W. W. Graves, editor of the St. Paul Journal, resumed publication of his series of articles entitled "History of Neosho County," in April, 1946. Recent subjects, and dates of publication, include: "Grasshopper Plagues," May 2; "Ferries," May 9; "Drouths," May 16; "Storms" and "Neosho River Floods," May 23; "Flood Control Movements," June 6, and "Ghost Towns," June 13, 20, 27, July 4.
A letter written by Col. D. R. Anthony August 17, 1857, after an inspection journey through northeastern Kansas was quoted by George Remsburg in the Atchison Daily Globe, May 16, 1946. Another article by Mr. Remsburg entitled, "Notes of the Early Days in and Around Atchison," was printed May 2.
The experiences of H. T. Hineman, pioneer of Lane county who increased his acreage from 320 to 13,000 in 60 years by producing livestock and wheat, were reviewed in a three-column article in the Kansas City (Mo.) Daily Drovers Telegram, May 9, 1946.
Hutchinson celebrated the seventy-fifth anniversary of its founding with a four-day "Diamond Pow Wow" May 15-18,1946, featured by street entertainment, pioneer and industrial parades, and a his-
torical pageant. The arrival of a pony express, which left St. Joseph May 12 with a packet of letters, opened the celebration. The event included a wedding on horseback and a golden wedding ceremony honoring more than 100 couples, all of them married more than 50 years. The longest-married couple on the stage was Mr. and Mrs. Charles Kingman of Walnut township, Reno county, who have been married more than 66 years, the Hutchinson News-Herald reported. Three pages of pictures taken during the celebration were featured in the June 17 issue of Life.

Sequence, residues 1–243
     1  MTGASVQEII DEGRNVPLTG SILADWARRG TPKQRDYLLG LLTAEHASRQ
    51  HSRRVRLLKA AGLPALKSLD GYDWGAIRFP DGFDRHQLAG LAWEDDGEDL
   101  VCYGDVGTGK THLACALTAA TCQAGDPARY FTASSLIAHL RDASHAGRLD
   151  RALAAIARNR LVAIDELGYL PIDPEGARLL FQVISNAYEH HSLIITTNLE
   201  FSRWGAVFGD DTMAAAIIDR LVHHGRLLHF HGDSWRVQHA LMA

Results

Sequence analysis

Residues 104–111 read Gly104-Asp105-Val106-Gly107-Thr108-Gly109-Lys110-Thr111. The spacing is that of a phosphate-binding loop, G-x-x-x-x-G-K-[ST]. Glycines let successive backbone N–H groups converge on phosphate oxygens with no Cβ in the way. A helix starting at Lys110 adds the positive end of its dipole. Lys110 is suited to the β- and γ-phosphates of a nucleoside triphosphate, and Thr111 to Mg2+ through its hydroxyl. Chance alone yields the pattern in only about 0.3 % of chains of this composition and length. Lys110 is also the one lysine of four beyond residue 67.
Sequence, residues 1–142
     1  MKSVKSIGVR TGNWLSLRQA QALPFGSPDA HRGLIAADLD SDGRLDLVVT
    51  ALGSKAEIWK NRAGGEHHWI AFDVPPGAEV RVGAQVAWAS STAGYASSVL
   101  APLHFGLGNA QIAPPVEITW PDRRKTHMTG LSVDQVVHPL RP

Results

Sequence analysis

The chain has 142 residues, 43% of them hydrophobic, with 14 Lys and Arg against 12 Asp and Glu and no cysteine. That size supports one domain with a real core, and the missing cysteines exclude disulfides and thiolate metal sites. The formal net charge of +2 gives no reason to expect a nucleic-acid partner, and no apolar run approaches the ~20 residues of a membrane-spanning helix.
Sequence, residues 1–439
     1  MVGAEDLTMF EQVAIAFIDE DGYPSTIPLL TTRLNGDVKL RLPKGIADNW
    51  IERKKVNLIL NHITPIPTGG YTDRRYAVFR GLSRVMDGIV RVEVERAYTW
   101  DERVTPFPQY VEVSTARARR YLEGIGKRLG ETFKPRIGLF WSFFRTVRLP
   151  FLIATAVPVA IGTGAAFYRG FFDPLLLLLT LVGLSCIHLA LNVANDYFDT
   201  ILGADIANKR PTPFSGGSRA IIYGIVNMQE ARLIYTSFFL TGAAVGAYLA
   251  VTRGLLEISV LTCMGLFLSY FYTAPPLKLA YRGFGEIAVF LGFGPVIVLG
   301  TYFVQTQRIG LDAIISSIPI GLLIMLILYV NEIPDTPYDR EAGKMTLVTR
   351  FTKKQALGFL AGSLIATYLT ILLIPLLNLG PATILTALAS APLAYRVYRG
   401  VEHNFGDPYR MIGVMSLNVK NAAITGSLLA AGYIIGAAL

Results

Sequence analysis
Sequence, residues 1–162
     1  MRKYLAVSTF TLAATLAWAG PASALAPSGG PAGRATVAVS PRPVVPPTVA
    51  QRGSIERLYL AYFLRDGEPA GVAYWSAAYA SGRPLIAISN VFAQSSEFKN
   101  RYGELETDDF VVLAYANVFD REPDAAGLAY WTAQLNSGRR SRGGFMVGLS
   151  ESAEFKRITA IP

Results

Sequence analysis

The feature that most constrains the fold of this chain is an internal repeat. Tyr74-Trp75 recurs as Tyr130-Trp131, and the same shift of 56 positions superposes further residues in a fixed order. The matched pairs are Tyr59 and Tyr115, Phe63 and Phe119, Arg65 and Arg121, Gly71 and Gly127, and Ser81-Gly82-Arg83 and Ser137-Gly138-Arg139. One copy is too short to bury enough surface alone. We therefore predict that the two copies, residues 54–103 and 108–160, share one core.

The fight between Gum Springs (now Shawnee) and Olathe in 1858 for the county seat of Johnson county was briefly reviewed in the Johnson County Herald, Overland Park, May 30, 1946.
The Baxter Springs Citizen issued a historical edition on May 30, 1946, as, a memorial to the war dead of the community. It contained pictures of Baxter Springs men who lost their lives in World War II, a. photograph of the federal monument in Baxter Springs cemetery in memory of the 135 men who lost their lives in the Quantrill massacre there in 1863, and a photograph of General Blunt's band, which was wiped out in the massacre. The historical sketch of Baxter Springs was based largely on a thesis written by Mrs. A. T. St. Clair. Other articles featured the histories of the city's churches, clubs and newspapers.
A list of pioneers who settled in Ness county between 1872 and 1880 was printed in the Ness County News, Ness City, June 13, 1946. It was compiled from the registration at the old settlers' reunion held at Ness City, June 5 and 6. Thad Levan, who settled in the county in 1872, has lived there longer than anyone else who was present. Gov. Andrew F. Schoeppel was a reunion speaker. Historical articles in the annual reunion edition of the Ness County News, May 30, included: "Ness City Library History," by Edna Robison; "Early History of Ness County," by Ellen Maguire; "Thad Levan Recalls Beaver Creek Battle," and "Early Day Industrial Development Halted by Sugar Mill Fire in 1890," by George A. Borthwick. Other topics included a story of the life of George Washington Carver; homesteading in Ness county in 1879, by L. T. Miller, and the history of "Dutch Flats," by Mrs. Minnie Dubbs Millbrook. A roster of Ness county officers from 1880 to 1946 and a list of Ness county discharged veterans of World War II were also published in this issue.